No one likes to be lagging behind in trends, so it’s great to see that green is so in fashion right now. The EU has set renewable energy goals for 2020, but three countries have already met theirs, eight years ahead of schedule. Last year, clean sources were the biggest contributor to Germany’s electricity supply, accounting for 24% of the total amount produced. That same year, Denmark set a world record for wind power, generating almost 40% of its total electricity from this source, putting it well on schedule for its 2020 goal of 50% of its electricity coming from renewables. China and the U.S. are also now world leaders in green energy investment.
Now, jumping on the bandwagon, Hawaii’s legislature just passed a bill that states that by 2045, 100% of the state’s electricity must come from renewable sources. Right now, only 22% of the grid is supplied by green energy; by 2020 this must increase to 30%, followed by 70% for 2040, Clean Technica reports. The governor, David Ige, must reject or pass “House Bill 623” by May 15 or it will automatically become law, but his background in engineering, coupled with the fact he is a Democrat, has people anticipating a positive response.
“We’ll now be the most populated set of islands in the world with an independent grid to establish a 100 percent renewable electricity goal,” State Senator Mike Gabbard told Think Progress. “Through this process of transformation we can be the model that other states and even nations follow. And we’ll achieve the biggest energy turnaround in the country, going from 90 percent dependence on fossil fuels to 100 percent clean energy.”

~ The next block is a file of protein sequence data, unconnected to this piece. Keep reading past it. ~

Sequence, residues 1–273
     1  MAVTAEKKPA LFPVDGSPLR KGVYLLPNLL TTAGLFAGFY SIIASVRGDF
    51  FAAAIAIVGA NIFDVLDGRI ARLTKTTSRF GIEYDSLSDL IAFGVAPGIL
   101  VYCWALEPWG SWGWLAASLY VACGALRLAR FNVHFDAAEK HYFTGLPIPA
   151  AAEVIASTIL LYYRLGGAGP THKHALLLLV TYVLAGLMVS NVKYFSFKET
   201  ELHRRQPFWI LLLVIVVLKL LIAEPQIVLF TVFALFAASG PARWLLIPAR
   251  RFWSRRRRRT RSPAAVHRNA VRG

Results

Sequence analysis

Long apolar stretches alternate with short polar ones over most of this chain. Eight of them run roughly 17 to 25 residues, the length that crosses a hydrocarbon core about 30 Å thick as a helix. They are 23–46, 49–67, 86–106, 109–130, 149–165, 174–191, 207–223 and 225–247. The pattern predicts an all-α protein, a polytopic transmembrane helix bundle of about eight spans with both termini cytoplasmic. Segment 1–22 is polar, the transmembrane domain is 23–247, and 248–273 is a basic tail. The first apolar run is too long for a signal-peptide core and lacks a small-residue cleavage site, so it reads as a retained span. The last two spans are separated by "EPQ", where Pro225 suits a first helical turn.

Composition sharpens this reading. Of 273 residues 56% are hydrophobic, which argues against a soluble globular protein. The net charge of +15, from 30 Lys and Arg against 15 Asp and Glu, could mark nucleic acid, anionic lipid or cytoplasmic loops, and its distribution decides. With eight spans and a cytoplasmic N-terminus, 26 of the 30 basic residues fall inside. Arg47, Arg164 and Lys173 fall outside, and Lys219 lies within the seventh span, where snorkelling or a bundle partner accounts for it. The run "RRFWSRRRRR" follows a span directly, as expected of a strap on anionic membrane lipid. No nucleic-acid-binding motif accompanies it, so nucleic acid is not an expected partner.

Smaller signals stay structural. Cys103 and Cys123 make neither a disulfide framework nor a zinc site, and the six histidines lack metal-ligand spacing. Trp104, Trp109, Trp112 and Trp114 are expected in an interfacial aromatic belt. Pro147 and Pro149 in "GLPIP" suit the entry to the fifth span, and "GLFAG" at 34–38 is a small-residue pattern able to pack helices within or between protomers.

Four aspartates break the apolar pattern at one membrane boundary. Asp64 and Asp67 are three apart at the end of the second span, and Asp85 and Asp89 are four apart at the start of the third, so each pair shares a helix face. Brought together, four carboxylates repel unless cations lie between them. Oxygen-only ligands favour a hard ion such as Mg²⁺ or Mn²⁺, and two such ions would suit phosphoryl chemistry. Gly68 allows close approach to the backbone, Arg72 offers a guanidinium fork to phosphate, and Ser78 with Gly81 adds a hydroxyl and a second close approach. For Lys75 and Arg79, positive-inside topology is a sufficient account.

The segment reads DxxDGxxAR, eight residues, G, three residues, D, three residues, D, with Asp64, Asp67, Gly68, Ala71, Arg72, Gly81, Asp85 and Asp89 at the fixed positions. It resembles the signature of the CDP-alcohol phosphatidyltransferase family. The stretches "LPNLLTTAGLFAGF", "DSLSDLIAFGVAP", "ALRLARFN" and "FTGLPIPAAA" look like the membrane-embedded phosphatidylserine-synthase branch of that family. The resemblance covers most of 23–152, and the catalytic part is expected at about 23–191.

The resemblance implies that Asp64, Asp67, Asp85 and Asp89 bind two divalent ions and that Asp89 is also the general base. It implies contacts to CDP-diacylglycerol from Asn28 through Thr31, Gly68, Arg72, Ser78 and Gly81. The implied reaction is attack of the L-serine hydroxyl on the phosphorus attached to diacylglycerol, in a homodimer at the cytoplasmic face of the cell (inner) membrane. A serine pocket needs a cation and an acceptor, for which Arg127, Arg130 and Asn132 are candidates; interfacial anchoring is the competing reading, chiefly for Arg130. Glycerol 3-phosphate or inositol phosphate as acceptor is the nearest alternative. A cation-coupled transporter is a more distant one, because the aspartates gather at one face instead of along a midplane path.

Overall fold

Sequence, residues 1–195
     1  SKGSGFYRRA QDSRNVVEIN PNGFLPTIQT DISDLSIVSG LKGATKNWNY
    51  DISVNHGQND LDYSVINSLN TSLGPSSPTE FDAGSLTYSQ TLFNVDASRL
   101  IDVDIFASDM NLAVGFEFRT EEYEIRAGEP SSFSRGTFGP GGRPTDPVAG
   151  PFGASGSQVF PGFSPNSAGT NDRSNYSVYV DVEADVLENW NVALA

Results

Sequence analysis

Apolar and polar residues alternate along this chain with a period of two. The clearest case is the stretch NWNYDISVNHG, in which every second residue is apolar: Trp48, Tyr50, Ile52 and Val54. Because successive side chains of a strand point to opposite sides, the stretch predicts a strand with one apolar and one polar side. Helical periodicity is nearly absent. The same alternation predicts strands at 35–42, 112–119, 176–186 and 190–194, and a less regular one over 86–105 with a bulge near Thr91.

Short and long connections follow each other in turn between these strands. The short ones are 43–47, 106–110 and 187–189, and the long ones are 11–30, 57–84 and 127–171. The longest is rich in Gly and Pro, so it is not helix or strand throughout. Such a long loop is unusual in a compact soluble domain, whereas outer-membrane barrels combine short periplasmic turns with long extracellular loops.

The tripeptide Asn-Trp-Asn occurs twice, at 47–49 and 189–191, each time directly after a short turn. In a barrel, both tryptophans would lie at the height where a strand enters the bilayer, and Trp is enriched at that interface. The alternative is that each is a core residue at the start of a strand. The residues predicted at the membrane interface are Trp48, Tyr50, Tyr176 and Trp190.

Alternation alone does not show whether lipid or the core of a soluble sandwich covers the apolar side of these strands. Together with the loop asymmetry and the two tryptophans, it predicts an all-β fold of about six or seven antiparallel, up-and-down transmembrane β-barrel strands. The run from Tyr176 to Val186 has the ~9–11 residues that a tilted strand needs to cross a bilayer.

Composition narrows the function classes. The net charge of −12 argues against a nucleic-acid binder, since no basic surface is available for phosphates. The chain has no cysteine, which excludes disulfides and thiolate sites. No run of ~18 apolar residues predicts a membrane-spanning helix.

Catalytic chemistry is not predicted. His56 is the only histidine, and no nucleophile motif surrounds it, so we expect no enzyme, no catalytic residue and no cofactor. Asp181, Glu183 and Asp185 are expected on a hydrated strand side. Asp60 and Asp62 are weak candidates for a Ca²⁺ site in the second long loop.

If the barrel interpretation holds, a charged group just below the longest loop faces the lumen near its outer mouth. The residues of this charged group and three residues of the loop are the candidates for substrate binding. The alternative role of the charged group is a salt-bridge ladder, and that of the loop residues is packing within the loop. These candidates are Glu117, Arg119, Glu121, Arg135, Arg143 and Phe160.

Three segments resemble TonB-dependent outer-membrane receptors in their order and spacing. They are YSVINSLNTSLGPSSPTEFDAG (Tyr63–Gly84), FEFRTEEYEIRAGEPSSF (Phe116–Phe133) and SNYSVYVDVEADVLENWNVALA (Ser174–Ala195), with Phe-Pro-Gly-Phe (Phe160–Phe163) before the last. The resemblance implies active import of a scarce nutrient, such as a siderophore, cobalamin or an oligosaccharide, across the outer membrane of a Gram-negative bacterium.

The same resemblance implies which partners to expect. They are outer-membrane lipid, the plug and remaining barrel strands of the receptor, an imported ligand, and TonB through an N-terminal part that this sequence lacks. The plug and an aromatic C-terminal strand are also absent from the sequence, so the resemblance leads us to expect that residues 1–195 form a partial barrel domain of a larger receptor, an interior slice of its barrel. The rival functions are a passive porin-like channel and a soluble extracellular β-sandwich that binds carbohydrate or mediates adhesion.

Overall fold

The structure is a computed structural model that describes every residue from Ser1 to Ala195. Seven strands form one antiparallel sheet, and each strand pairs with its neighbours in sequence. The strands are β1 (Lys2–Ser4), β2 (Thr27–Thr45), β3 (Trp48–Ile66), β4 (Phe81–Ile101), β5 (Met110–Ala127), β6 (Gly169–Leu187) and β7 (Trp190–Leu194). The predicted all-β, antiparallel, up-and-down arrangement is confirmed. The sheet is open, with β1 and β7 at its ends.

These goals shouldn’t be unachievable, either; Hawaii has already invested a substantial amount in solar, installing panels on one in every eight houses, according to Think Progress. This has helped the country generate around 10% of the total electricity needs from this renewable source. Furthermore, being adorned with active volcanoes has allowed geothermal projects, which also contribute a significant chunk to the grid.
Hawaii is keen to climb on board with renewables largely because of the excessive costs of electricity on the archipelago. Currently, their major source of electricity is oil-fired power plants, but since they have to import their oil, it’s on average about three times more expensive than what other U.S. states pay.
Regardless of motives, it’s great to see that more and more governments are taking green energy and the environment seriously. Take Costa Rica, for example: Back in March, they announced that they had used only renewables to produce electricity for 75 days straight, which is certainly a remarkable achievement. Let’s hope these impressive feats spur more and more countries into much needed action.